The adult dragonflies that we often see flitting about near any lake or stream, are quite the common sight. But did you know that just below the water’s surface, hunting in the shallows, there are also dragonflies? Well, baby dragonflies.
The larval stage of this insect—which is about the size of your thumb—is a very formidable predator. It is also an essential part of the wetland food web, which is why larval dragonflies make a wonderful test subject for scientists interested in studying mercury content in wetlands.
In a major nationwide federal research effort, the National Park Service is working with partners to collect dragonfly larvae and monitor their mercury content from more than 107 national parks across the continental United States. The National Park Services’ first report on the Dragonfly Mercury Project was published this week in Environmental Science & Technology.
The Mary Griggs Burke Center for Freshwater Innovation at Northland College is one of those partners that collects samples in four different parks in Lake Superior and northwest Wisconsin through the Dragonfly Mercury Project.
Initial results have been positive. Due to the growth of renewable energy in our country and around the world, nearly 20 years of mercury monitoring shows that the levels are slowly declining.
But the importance of continued long-term data collection and monitoring cannot be overstated. The larval dragonflies are the “canaries in the coal mine” and will help show researchers and the public which wetlands contain the greatest concentrations of mercury.
To help gather this data, Burke Center researchers visit several national parks, including the remote Isle Royale on Lake Superior. Though this summer, the sampling at the park is only being done by park service staff because of the limited public access to Isle Royale due to Covid-19 safety concerns.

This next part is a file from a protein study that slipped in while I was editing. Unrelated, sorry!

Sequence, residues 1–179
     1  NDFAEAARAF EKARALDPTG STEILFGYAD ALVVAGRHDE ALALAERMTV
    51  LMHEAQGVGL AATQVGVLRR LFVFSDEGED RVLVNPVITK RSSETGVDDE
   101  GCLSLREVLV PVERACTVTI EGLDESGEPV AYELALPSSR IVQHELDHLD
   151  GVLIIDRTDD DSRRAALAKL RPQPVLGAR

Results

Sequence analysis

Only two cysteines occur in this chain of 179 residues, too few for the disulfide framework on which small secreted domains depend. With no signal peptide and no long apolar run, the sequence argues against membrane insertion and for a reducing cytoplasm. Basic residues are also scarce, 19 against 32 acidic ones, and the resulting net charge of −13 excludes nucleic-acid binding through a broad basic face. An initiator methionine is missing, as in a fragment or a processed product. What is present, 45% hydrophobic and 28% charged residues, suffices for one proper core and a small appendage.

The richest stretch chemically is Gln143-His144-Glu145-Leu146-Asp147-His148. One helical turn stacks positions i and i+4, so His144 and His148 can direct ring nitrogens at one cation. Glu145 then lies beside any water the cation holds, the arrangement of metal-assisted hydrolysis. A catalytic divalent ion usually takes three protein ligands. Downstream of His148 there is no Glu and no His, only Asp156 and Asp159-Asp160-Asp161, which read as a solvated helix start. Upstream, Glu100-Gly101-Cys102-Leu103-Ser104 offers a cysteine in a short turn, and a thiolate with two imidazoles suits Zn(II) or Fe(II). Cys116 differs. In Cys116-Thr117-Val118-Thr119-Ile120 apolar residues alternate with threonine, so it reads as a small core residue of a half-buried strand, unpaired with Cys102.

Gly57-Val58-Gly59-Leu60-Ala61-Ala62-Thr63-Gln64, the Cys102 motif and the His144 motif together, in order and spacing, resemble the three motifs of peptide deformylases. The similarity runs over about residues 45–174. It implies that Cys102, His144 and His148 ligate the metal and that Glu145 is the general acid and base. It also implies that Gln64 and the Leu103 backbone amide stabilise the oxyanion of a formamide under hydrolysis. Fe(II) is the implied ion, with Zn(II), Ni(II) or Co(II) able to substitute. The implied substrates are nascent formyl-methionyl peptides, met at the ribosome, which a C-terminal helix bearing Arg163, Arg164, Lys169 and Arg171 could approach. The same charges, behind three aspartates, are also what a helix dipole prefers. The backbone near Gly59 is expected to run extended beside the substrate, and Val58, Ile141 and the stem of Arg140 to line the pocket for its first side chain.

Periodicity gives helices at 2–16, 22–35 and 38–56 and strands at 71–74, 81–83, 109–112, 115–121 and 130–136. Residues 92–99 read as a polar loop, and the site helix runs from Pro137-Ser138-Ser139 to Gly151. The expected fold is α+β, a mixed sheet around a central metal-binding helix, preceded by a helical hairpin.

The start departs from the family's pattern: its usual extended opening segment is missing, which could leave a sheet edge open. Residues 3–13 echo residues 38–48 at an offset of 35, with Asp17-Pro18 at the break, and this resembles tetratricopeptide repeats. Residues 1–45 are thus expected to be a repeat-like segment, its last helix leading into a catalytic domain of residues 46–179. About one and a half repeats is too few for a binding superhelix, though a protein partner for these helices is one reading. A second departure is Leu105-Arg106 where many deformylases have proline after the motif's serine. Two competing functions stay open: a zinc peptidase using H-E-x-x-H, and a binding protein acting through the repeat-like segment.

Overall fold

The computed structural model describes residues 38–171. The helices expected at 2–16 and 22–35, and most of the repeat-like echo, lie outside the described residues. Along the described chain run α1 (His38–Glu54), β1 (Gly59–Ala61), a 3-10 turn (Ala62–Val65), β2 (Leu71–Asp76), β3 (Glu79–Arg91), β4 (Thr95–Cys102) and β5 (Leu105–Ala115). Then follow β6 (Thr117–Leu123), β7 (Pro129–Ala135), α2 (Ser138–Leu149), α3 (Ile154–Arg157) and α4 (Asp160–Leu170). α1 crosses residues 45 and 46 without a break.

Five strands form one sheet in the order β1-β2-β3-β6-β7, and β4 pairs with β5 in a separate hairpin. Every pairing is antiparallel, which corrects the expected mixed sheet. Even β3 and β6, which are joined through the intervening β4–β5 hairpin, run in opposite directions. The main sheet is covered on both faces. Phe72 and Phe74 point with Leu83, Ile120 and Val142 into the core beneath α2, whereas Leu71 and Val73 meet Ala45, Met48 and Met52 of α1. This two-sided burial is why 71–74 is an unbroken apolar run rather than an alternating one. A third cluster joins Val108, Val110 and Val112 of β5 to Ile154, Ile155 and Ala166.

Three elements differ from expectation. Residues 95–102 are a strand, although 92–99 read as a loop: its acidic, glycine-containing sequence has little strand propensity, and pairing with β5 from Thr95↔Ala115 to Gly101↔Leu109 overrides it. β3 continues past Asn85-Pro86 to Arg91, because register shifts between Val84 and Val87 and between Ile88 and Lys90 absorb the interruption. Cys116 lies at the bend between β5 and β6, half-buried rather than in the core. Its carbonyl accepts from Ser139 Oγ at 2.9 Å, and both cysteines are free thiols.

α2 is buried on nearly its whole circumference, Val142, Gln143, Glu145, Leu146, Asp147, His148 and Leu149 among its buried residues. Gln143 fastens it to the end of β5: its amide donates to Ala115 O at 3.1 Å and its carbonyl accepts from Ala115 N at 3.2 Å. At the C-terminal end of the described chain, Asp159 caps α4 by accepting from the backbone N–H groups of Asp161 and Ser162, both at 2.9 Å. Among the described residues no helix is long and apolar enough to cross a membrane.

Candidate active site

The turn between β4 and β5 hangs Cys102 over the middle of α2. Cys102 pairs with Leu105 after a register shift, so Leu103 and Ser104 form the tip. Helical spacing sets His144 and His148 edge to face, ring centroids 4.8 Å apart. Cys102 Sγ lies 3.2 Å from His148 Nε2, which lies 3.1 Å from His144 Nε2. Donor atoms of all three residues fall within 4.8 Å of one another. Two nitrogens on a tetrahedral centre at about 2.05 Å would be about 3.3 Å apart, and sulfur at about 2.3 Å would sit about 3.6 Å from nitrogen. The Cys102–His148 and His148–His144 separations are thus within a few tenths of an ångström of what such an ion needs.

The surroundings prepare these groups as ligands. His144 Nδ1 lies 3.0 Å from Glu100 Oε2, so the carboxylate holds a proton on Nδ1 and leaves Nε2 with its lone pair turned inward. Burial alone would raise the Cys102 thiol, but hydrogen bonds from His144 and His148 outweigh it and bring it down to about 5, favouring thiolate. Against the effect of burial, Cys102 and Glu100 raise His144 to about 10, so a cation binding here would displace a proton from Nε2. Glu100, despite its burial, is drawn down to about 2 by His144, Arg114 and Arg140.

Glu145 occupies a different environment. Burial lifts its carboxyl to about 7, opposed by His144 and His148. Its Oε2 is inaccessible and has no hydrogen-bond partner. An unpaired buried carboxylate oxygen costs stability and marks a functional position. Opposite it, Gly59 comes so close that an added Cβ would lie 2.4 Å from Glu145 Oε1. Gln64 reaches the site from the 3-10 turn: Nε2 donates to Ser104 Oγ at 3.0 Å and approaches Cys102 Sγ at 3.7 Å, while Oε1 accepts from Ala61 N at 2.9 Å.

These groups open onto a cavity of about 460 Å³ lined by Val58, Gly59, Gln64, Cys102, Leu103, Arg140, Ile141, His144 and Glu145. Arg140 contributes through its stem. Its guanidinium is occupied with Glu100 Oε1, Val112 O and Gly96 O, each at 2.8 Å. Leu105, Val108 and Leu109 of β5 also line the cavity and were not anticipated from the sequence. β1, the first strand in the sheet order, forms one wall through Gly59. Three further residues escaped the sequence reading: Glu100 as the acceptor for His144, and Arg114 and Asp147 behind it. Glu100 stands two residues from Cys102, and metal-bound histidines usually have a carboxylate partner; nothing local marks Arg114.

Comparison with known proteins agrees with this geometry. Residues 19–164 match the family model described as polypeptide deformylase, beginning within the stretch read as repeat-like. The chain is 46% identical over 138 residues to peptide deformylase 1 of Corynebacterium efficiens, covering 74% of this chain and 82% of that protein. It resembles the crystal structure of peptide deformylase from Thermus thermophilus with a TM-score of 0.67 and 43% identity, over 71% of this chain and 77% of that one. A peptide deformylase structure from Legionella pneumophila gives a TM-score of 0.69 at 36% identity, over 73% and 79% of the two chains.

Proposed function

Isle Royale is the least-visited national park in the continental United States, and even there, the mercury concentrations in the dragonflies are still higher than most other testing sites across the country.
This is concerning. Mercury is a contaminant found almost everywhere. It travels with wind, dust, rain, and snow. Consuming it can cause impairment in nervous system functions as well as threaten the development of children in utero.
In ecosystems, it bioaccumulates, which means once it is consumed by an organism, it doesn’t eventually exit that organism’s system.
For example, algae in the water will absorb mercury from the environment until a tadpole comes along and eats it. Now that tadpole contains the mercury from those algae as well as other things it has been eating.
Then, the dragonfly larvae eat the tadpole, the fish eat the dragonfly, and people eat the fish. At the top of the food chain, we consume all the accumulated mercury from every organism below us.
So how does the mercury get into the environment in the first place? For one, the burning of oil and coal for fuel is a huge part of the problem.
These well-known air pollutants release mercury into the air where it travels around the world with the wind and precipitation, even to the most remote places like Isle Royale.
David VanderMeulen, an aquatic ecologist for the National Park Service, is the Burke Center’s local contact for the project. His experiences with the dragonfly project go back to when his team picked up the project nine years ago where it began in four national parks, eventually growing to more than 107 parks today.
He is a key team member in the Great Lakes Inventory and Monitoring Network, one of 32 Inventory and Monitoring Networks across the country for the National Park Service. Out of the other 32 teams monitoring mercury, the Great Lakes program is the only one to adopt the practice of using larval dragonflies for sampling.
As it turns out, dragonflies make great indicators for mercury concentrations because they are predatory, easy to collect, and absolutely everywhere. “If you have water, you’re probably going to have larval dragonflies,” says VanderMeulen.
So next time you’re out on the water and see adult dragonflies buzzing around, just know those little canaries are also there, just below the surface of the water, helping scientists gather the information to help move toward a safe and informed future.
Bay Paulsen is a junior at Northland College and works at the Mary Griggs Burke Center for Freshwater Innovation.